Inflammation in dogs is a varied symptom that can be hard to pinpoint. As a pet parent caring for a dog with Cushing’s disease, inflammation is another factor that can add to your pup’s discomfort. Although we typically think of inflammation in the muscles and joints, it can occur in other parts of the body both internally and externally. If inflammation persists, it can compound symptoms of Cushing’s. Finding the root cause and managing a dog’s inflammation can help minimalize the effects of Cushing’s disease as well.
Inflammation is the body’s response to a problem in order to protect and heal. It is an immune response triggered to protect the body from toxins and to repair damaged tissue. The response in dogs is similar to what happens in a human: chemicals released in the body cause blood vessels to leak at the site of the trauma, whether a foreign invader or an injury. This leads to redness and swelling in the affected tissues.
External inflammation can be detected in a dog’s movement or by the telltale red and swollen skin in the inflamed area. Internal inflammation can be harder to pin down without examinations and testing, as it can affect tissue in different body systems. When inflammation becomes chronic (continuing over a long period of time), it can be damaging and even life-threatening to your pet.
Look for these signs to identify inflammation in your dog:
– Localized redness
– Rigid limbs
– Awkward gait
– Reluctance to rise
– Muscle spasms
– Unusual vocalizations
– Loss of appetite
List compiled from wagwalking.com
Inflammation in Cushing’s Dogs
Inflammation causes problems for dogs suffering with Cushing’s disease because it creates a vicious cycle. Cushing’s is caused by an overabundance of cortisone and cortisol, the corticosteroids that a dog’s body naturally produces to treat inflammation. If an older dog suffers from hip dysplasia or worn joints accompanied by inflammation, this triggers more corticosteroid production which will in turn compound Cushing’s symptoms. The key is to treat inflammation in your dog to reduce the demand to produce these steroids.
One way to cut down on a dog’s inflammation is through diet. When your dog maintains a healthy weight and a diet low in processed grains, inflammation is naturally reduced. Part of the reason for this comes down to fats. Omega-6 fatty acids, the kind found in typical processed diets contribute to inflammation while omega-3 fats have the opposite effect. Salmon is famous for omega-3’s, but plenty of other fresh foods can be a source of this good fat. Sardines and eggs both have a high concentration of omega-3. For more information on an omega-3 rich diet, read our blog about the benefits of giving your pet whole food additions to kibble.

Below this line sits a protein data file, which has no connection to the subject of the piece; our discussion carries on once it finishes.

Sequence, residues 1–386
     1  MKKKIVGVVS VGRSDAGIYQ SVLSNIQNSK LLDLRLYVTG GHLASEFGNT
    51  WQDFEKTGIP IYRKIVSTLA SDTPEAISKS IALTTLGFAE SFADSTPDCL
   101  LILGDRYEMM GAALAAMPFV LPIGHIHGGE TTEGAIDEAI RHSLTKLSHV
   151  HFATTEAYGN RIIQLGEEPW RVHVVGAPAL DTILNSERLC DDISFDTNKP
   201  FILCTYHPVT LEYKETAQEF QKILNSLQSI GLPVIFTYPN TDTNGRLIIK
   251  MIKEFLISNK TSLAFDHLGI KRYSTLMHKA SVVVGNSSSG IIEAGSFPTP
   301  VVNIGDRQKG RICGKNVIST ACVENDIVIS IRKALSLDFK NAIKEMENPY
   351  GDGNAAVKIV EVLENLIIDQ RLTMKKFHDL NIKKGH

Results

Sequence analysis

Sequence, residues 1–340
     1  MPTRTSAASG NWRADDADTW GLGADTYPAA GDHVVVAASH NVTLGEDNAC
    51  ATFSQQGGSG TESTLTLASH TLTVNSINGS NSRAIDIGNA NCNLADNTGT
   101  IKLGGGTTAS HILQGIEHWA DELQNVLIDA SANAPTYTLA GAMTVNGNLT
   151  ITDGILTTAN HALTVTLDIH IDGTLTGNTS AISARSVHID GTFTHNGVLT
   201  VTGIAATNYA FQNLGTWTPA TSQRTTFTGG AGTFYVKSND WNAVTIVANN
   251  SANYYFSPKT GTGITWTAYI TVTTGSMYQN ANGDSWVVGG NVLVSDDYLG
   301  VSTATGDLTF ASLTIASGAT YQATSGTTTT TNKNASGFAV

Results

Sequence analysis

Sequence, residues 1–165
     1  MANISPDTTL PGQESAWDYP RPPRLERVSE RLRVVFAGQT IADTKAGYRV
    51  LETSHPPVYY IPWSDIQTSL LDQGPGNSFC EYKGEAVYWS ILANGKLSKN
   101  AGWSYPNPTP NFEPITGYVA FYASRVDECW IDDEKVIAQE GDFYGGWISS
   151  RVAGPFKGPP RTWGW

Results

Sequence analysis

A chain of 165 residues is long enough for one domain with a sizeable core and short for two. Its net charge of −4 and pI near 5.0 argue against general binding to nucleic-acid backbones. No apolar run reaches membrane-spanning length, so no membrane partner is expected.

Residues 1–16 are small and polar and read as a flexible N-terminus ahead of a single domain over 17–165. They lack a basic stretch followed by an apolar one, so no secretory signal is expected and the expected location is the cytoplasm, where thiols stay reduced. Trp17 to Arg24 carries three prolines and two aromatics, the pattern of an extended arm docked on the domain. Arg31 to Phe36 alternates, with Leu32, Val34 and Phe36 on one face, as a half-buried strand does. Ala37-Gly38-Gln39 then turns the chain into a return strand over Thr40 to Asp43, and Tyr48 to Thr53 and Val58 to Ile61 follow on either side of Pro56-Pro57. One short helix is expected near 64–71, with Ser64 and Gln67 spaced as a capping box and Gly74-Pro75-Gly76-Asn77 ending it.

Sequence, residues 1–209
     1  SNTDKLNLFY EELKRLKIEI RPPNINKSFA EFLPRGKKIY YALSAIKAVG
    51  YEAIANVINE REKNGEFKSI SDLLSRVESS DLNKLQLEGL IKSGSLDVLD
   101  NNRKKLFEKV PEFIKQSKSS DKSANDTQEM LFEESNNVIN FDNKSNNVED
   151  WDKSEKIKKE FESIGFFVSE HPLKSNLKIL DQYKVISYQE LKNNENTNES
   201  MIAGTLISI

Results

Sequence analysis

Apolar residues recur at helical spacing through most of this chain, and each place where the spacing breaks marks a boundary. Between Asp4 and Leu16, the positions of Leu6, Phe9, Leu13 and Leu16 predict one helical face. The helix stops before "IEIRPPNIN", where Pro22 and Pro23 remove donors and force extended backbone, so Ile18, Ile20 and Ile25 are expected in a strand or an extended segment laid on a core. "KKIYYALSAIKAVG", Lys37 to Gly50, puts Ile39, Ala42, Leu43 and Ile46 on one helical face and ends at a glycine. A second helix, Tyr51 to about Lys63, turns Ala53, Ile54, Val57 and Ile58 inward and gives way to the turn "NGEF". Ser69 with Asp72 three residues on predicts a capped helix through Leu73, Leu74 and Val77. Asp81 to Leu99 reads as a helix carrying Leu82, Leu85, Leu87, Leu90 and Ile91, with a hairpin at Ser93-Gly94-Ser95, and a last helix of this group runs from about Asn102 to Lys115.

A routine of regular exercise can also help manage your dog’s inflammation and maintain a healthy weight in your pet. Exercise can help prevent systemic inflammation because it continually works areas prone to inflammatory conditions. However, exercising an area already inflamed needs to be done with caution. If your dog is suffering with inflammation, it is best to treat integrate exercise slowly and with increased rigor over a period of time once you’ve identified the root cause.
Medications and natural supplements can be used to treat inflammation. Steroids are one option provided by vets. However, as previously mentioned, this is not a good idea for dogs suffering with Cushing’s because an overproduction of steroids is the main cause of disease. Non-steroidal anti inflammatory drugs (NSAIDs) can be prescribed as well. However, many pet owners balk at the list of side effects that also include joint damage, a common reason for inflammation. Herbal supplements are recommended by some as a natural alternative. Ginger, turmeric, and licorice are a few of the natural remedies touted by holistic vets and pet parents.
The best way you can identify if your pet is suffering from inflammation is to keep an eye on their day to day activity. Cushing’s dogs can show lower levels of energy and inflammation will add to this. Reducing your dog’s inflammation can help lessen the effects of Cushing’s at its root cause.